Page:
Giving thanks unto the Father, which hath made us meet to be partakers of the inheritance of the saints in light.Who hath delivered us from the power of darkness, and hath translated us into the kingdom of his dear Son. In whom we have redemption through his blood, even the forgiveness of sins: Who is the image of the invisible God, the firstborn of all creation (Invisible means incapable of being seen by the eye. Jesus is the visible image of the invisible God). For in him were all things created, that are in heaven, and that are in earth, visible and invisible, whether they be thrones, or dominions, or principalities, or powers: all things were created through (on account of) him, and for him:

Again, the image of a thing is NOT the thing itself.

Also, we must remember that Adam shared the same status – that of being the image of God. For that matter, WE TOO share that status, as sons of God. Obviously, "being in the image of God" does not equate to "being God."

"All things created" (i.e. this universe, if you will) were created ultimately for the Son who was to inherit all things. Yahweh created all things for Jesus so the Son would inherit all things. (For a more detailed explanation of "in the Father," "in him" and "through him" see section titled "IN THE NAME" – heading after next.)

Now read verse 17:

And he is preeminent in all things (referring to status, not time), and in him all things consist. And He is the head of the body who is the beginning, the firstborn from the dead; that in all things he might have preeminence. For it pleased the Father that in him should all fullness dwell;

It pleased the Father to place all fullness in the person of Jesus. Jesus was like a vessel filled to the very top. But you see, no matter how great an imagination you may have, you cannot imagine a vessel large enough to contain all of Yahweh. Jesus could not contain Him; Yahweh cannot be limited and contained in a vessel. The Father is limitless and un-containable. Yet, all fullness was in Jesus.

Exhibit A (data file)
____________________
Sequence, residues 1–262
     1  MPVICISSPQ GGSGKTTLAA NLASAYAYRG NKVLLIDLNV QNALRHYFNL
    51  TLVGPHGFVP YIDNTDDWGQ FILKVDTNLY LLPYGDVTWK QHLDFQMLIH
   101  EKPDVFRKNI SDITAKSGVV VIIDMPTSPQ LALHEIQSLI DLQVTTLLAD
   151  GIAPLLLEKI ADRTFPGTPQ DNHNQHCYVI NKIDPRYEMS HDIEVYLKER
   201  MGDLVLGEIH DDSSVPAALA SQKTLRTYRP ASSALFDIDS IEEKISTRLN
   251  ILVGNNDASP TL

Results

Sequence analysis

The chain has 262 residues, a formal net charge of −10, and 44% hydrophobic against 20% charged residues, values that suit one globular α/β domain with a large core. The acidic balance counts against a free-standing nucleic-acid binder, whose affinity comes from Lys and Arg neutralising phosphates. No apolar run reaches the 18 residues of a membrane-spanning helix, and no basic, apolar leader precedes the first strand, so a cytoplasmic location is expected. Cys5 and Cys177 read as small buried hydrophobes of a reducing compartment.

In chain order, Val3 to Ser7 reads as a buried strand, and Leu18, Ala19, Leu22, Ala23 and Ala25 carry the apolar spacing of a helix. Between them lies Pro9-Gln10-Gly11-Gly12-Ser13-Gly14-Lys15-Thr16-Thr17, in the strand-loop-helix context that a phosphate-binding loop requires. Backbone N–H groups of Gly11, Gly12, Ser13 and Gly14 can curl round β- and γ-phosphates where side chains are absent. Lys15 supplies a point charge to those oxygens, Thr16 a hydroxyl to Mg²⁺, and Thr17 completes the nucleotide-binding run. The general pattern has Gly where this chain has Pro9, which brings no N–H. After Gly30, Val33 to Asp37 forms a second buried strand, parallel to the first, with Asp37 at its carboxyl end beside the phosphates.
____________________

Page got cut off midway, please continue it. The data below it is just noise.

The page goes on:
Chapter 2:

For in him (Jesus) dwelleth all the fullness of Godship bodily (not "Godhead").

I Kings 8:27; II Chronicles 6:18

But will God in very deed dwell with men on the earth? Behold, heaven and the heaven of heavens cannot contain thee; how much less this house which I have built!

If heaven and earth cannot contain Yahweh, then neither can the mortal body of a man. Jesus was filled with Godship. However, the contents of a vessel is not the vessel itself. Jesus was the vessel and the contents was of the godship of the Father. The word, "Godhead," indicating a plurality of gods as rendered by the KJV translators, is another misnomer – possibly a prejudice held over from the pagan Roman concept of a "Forum of gods."

In I Timothy 3, we find a related scripture which is often quoted to support the idea of a mysterious "Godhead." I quote it below, correctly from the Greek:

And without question, great is the wonder of godliness which (The KJV wrongly inserts "God" here) was manifest in the flesh, justified in spirit, witnessed by messengers, preached in nations, believed in the world and received in glory."

This is not talking about God, or a so-called "godhead." It is talking about "godliness" or "holiness." Godliness was manifest in the flesh. The KJV translators wrongly inserted "God" in the place of "which." They completely perverted the meaning of this scripture. Translational anomalies like this only serve to further confuse people. Translators should be more responsible.

What is "The mystery (wonder) of godliness?" It is the miracle of a man receiving inspiration from God. The implanted desire to be godly is unnatural to man. It is a miracle when God causes a man to desire godliness. This miracle, or "mystery," is manifest in flesh when a man’s nature is turned – from depravity, to godliness. In 2 Peter 1:3-4 we are told that we acquire the "divine nature" (godliness) through gaining "the knowledge of Him that hath called us to glory and virtue.

This is the wonder of godliness among men.

Just remember these basic premises:

An image of a thing is not the thing itself.
The contents of a vessel is not the vessel itself.
A "full" vessel shows the limit of the vessel – not the limit of that which fills the vessel.
The Creator is not the creation.
The Infinite is not finite.
The Eternal does not cease to exist.
The Father is not the Son.